The constitutional framers created a system of checks and balances, including an independent judiciary, precisely because they foresaw the rise of someone who, like Donald Trump, won the presidency on a message that citizens couldn’t trust the system and only he could fix it, Yale Law Professor Jack Balkin told a Tulane University Law School audience Feb. 22.
“They knew that power is something people grasp at. They knew people lose faith and trust in their institutions. They wanted to create a system that would survive even those difficult and dark times,” Balkin said at the Dermot S. McGlinchey Lecture on Federal Litigation.
“The question before us now — what constitutional time is it? — is whether they prepared well enough. I think they did.”
Balkin, one of the nation’s best-known constitutional theorists, said Trump thus far resembles Jimmy Carter more than other recent presidents: even though he came into office with his party holding majorities in both houses of Congress, he could have trouble keeping things together.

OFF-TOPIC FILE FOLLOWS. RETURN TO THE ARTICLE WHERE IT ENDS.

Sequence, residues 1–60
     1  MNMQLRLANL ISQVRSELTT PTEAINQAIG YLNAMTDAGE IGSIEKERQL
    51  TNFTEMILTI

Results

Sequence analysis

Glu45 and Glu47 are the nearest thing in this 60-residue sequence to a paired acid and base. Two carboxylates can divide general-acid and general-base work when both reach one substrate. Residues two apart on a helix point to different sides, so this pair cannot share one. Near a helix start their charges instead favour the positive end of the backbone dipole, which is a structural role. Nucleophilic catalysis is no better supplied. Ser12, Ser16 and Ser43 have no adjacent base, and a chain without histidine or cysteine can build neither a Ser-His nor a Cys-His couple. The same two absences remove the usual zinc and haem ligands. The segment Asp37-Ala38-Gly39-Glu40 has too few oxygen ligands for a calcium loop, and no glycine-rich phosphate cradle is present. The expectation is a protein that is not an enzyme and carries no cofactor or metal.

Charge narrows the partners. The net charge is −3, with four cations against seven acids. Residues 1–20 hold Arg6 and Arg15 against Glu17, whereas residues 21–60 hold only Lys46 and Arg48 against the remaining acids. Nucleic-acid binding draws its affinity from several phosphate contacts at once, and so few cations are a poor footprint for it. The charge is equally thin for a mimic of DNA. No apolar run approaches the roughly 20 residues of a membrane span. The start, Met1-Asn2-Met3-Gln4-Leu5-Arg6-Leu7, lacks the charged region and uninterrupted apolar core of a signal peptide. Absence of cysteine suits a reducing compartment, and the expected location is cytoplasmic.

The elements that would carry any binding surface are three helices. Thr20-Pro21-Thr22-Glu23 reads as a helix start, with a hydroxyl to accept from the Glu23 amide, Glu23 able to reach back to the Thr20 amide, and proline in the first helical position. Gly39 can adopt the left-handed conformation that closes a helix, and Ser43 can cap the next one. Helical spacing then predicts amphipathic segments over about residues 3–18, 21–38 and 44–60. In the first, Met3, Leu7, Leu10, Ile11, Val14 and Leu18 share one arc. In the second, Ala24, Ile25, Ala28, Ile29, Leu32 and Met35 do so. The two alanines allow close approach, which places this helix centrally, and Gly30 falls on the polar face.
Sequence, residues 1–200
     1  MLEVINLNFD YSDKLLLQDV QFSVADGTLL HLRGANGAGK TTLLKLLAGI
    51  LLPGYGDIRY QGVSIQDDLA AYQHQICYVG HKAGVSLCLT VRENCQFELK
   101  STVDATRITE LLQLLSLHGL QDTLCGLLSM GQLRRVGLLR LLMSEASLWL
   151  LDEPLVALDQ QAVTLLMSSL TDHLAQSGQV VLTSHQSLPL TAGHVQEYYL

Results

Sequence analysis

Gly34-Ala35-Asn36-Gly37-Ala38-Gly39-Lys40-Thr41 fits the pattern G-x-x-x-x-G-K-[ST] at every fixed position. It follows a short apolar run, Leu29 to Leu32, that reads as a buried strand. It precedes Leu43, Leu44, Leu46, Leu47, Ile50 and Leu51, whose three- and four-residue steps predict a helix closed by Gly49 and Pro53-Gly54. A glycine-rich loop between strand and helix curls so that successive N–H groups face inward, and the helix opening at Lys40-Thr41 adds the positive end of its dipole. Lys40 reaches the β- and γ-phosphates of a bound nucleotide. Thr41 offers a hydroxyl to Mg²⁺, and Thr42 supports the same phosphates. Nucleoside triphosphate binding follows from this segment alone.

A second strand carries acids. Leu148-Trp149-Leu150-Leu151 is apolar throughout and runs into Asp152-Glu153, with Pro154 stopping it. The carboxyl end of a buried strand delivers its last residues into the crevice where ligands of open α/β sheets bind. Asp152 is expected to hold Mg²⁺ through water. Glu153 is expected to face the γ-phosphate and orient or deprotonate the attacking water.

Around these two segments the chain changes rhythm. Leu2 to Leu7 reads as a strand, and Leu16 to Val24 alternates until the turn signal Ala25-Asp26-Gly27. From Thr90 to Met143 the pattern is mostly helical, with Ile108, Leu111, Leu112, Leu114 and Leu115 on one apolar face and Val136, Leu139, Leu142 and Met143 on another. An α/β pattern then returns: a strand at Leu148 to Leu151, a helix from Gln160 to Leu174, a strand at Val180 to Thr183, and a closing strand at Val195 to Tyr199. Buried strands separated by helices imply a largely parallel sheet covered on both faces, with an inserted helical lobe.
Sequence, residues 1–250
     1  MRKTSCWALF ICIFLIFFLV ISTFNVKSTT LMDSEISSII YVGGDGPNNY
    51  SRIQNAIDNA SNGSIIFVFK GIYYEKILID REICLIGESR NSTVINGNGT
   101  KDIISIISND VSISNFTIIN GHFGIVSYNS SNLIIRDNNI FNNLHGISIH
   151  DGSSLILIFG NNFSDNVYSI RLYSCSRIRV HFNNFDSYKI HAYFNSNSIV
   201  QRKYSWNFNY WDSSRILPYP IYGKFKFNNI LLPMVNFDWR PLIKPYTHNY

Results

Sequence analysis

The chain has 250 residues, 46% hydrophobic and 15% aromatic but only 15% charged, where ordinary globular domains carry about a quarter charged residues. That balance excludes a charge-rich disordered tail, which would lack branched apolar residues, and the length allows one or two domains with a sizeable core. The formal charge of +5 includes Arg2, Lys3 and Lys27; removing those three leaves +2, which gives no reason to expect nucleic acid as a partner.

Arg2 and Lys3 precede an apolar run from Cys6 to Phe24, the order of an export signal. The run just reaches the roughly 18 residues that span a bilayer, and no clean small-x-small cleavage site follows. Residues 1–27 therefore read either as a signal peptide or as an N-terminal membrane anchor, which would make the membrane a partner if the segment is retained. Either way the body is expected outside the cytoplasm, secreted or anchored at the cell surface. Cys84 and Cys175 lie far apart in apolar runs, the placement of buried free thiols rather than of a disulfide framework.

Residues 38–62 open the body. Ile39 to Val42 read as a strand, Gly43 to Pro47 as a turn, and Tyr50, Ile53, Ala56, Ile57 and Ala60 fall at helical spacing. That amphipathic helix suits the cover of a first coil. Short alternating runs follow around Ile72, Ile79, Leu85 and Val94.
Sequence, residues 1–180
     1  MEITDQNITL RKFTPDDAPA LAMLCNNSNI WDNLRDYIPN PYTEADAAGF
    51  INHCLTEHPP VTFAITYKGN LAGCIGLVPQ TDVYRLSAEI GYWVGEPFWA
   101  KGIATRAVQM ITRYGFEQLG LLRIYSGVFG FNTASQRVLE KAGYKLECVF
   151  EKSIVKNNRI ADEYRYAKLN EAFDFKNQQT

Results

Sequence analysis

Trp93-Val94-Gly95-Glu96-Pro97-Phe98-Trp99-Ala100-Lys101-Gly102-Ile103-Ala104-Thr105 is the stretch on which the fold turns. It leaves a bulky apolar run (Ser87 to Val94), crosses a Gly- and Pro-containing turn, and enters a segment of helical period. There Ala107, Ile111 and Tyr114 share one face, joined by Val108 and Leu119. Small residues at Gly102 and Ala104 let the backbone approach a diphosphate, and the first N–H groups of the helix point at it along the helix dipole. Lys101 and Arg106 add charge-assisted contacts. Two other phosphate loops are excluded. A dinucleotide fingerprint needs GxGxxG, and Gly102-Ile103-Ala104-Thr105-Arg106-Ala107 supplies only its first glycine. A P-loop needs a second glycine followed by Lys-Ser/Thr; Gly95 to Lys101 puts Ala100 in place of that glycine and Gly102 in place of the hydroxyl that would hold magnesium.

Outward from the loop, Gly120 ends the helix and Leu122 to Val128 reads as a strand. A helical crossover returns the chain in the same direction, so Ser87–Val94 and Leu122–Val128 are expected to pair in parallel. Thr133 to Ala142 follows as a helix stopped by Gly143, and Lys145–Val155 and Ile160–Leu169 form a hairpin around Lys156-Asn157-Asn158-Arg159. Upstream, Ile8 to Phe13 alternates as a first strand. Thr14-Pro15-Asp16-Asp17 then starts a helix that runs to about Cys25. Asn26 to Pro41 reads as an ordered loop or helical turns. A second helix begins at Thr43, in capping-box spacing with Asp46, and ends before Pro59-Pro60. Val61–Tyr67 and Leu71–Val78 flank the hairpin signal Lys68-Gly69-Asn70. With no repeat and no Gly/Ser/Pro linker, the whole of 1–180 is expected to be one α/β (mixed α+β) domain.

“The fact that he comes in with Republicans controlling all the levers of power doesn’t mean he’s not in a weak position,” Balkin said.
The lecture honors attorney and civic activist Dermot S. McGlinchey (A&S ’54, L ’57) and is permanently endowed and sponsored by the McGlinchey Stafford firm, which he co-founded with Graham Stafford in 1974.